One supposes that most people who wear poppies as a public declaration of remembrance at this time of year, do not think that their gesture has political implications. Perhaps they are wearing their grief on their sleeves, which may be irritating for purists, but they are not declaring victory to those who were defeated by rubbing salt in an old wound.
The red poppy is an international symbol recognized in any country, even Germany. It is easy to overlook the rather obvious fact that German soldiers, and those of the Axis powers, were part of tortuous, violent acts perpetrated on humankind. One doesn’t have to be Jewish to contemplate the horror of the Holocaust and feel complete revulsion at the injustice that provoked it. A red poppy should remind us of Schindler’s list too, but we can forgive ourselves if the Canadian poem that captured the moment and symbolism for World War I and the great wars that followed shone a light on soldiers who had died, rather than people who had died.
Count me among the purists who choose to think of the sacrifices of so many without making a public declaration about it. That public declaration is the point of it, of course, but it leaves out too many people; civilians who fought in the Resistance, who died in the camps, who emigrated to Canada because families were lost and homes obliterated.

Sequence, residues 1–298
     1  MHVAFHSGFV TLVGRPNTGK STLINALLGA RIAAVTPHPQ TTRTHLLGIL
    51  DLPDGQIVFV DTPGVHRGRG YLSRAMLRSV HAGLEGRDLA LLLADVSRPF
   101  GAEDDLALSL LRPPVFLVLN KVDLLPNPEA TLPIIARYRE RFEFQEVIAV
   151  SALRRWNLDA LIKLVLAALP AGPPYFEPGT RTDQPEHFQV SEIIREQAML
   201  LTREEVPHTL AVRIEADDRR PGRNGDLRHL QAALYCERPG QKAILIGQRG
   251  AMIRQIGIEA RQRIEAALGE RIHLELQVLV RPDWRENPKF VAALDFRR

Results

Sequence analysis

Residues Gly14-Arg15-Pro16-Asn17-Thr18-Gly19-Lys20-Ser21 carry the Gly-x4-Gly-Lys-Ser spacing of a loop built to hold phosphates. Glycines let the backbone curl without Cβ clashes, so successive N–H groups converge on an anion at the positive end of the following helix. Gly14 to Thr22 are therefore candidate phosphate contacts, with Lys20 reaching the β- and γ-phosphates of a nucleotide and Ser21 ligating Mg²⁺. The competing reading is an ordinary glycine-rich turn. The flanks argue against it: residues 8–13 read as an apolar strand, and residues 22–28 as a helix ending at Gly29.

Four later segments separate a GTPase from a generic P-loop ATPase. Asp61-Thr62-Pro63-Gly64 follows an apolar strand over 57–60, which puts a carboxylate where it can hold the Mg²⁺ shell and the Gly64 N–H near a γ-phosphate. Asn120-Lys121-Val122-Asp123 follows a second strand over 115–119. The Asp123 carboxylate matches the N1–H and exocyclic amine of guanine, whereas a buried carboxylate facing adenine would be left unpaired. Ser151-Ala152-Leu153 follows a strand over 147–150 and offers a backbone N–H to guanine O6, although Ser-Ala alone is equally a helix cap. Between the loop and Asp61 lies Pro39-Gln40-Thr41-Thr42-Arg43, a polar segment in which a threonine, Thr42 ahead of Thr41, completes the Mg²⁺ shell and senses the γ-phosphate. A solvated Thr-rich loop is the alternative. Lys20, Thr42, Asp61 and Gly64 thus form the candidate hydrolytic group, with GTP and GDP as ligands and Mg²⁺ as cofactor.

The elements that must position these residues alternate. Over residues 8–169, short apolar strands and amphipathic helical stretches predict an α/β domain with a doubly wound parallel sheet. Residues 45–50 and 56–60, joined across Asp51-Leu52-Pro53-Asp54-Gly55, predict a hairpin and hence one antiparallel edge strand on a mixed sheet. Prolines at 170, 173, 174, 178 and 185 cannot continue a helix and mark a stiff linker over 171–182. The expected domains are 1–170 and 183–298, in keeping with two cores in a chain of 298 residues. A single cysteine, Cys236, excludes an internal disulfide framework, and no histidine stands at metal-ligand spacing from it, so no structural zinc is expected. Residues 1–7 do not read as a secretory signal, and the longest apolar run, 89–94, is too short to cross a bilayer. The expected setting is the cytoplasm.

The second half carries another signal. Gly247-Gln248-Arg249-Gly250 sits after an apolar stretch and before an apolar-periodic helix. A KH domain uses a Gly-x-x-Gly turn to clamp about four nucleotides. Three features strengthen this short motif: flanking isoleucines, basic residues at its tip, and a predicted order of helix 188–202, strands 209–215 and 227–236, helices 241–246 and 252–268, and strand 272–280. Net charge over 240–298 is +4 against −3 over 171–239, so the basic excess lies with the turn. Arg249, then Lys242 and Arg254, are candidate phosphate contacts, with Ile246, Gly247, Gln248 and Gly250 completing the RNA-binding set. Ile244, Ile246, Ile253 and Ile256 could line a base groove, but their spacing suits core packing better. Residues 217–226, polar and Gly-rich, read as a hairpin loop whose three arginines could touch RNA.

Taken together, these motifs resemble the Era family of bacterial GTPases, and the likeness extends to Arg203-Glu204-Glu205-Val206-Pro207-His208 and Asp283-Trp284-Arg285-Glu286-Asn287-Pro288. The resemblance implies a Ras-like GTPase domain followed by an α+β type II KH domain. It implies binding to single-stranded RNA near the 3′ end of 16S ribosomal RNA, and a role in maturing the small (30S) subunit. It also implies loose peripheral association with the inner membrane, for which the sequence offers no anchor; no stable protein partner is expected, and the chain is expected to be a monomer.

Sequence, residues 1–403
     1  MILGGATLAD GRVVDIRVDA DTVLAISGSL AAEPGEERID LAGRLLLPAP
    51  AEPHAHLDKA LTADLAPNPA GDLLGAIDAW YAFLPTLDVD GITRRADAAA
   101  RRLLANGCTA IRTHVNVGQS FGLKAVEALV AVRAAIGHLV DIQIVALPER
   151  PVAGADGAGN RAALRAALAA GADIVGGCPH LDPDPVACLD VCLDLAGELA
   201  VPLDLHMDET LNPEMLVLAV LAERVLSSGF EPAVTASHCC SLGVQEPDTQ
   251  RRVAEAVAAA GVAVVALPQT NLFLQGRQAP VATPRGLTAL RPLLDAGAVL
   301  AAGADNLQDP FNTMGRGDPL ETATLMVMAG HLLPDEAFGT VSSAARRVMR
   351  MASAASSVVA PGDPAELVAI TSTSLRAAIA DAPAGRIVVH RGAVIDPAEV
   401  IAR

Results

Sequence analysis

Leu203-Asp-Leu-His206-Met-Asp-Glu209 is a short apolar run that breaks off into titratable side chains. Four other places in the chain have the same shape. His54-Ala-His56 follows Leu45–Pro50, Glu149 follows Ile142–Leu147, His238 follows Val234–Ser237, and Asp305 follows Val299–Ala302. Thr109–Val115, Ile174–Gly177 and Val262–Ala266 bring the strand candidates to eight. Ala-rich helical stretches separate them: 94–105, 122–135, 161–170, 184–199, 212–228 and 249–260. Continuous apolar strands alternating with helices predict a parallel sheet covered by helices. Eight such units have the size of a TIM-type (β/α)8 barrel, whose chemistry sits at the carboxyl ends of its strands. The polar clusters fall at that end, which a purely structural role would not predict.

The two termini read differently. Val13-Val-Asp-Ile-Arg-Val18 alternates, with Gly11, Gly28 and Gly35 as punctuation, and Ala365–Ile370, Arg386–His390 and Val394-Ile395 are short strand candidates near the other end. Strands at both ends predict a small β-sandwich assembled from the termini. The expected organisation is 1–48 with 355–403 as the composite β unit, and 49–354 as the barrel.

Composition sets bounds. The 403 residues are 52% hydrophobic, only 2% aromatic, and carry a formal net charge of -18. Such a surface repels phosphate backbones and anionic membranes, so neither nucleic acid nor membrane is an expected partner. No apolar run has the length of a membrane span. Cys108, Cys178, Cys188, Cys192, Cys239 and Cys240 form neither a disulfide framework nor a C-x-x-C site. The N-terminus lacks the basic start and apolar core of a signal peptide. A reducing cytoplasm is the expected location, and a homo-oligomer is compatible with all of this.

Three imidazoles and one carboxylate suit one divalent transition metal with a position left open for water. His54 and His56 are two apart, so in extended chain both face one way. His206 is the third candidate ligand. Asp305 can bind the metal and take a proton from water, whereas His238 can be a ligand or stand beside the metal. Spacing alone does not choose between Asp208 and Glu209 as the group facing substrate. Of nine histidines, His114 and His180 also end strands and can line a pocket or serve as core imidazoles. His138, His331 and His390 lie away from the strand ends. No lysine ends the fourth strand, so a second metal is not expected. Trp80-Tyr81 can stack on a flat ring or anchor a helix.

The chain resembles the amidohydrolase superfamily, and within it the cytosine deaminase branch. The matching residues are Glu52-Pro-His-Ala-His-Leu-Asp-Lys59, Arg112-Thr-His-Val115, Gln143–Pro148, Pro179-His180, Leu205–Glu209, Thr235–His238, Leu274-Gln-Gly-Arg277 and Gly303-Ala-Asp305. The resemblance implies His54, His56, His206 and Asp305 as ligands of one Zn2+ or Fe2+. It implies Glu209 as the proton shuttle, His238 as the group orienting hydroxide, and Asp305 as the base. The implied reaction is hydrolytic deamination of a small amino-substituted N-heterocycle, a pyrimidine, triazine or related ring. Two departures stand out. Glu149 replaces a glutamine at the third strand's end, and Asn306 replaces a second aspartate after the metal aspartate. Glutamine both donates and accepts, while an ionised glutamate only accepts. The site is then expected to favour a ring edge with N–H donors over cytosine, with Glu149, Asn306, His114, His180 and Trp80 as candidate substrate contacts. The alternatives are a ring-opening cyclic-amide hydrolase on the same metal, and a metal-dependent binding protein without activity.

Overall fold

I think of my parents who lived through the London Blitz. Mother was a nurse at Middlesex Hospital. Dad was a navigator on Sterling and Lancaster bombers. Dad kept his medals under socks in a drawer. I never saw him wear them, even on Remembrance Day. He was proud, but he understood what he and others of his generation had done, the full ramification of it.
The war left Dad and Mum with ambivalent feelings about faith and God. They were clearly conflicted. Mum had been raised in the Church of England by a family with social position, a large home, and servants. Dad was raised Presbyterian on a farm in Grimsby Ontario. One can only speculate about the difficulties that cultural distinction created. They decided that their four children should make independent choices about God as adults. They did not raise us as Christians with a church affiliation. Perhaps the fact that both sides in the War imagined that God was their ally left them profoundly disillusioned.
Mum told me that dad would awaken during the night, flailing his arms, tormented from a nightmare that had replayed one of many terrifying moments of his war experience. In the years since, I think of the thousands of others, soldiers and civilians, who must have awakened from dreams just as disturbing. I think of my late Polish mother-in-law, who endured passage to Canada with everything she owned on her back. I imagine her standing on the dock in Montreal with her name pinned to her chest, like a Star of David, marking her as a Displaced Person, as she queued with hundreds of other refugees, with no home or family. I try to imagine what she was thinking as she shuffled to the table where someone with a vague smile was waiting to speak to her in a language she did not yet understand.
Now, I have done it too. This post is a public declaration, an emotion tugging on my sleeve to delete it.
(This post was first published 9th Nov., 2013, lost then found. G.B.)
Professional. Retired. Canadian.